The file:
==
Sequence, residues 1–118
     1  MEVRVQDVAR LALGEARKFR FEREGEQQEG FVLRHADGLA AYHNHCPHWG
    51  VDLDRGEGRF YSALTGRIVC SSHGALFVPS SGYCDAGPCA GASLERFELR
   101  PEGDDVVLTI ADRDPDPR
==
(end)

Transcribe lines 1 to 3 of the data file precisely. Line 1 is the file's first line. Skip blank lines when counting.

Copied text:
Sequence, residues 1–118
     1  MEVRVQDVAR LALGEARKFR FEREGEQQEG FVLRHADGLA AYHNHCPHWG
    51  VDLDRGEGRF YSALTGRIVC SSHGALFVPS SGYCDAGPCA GASLERFELR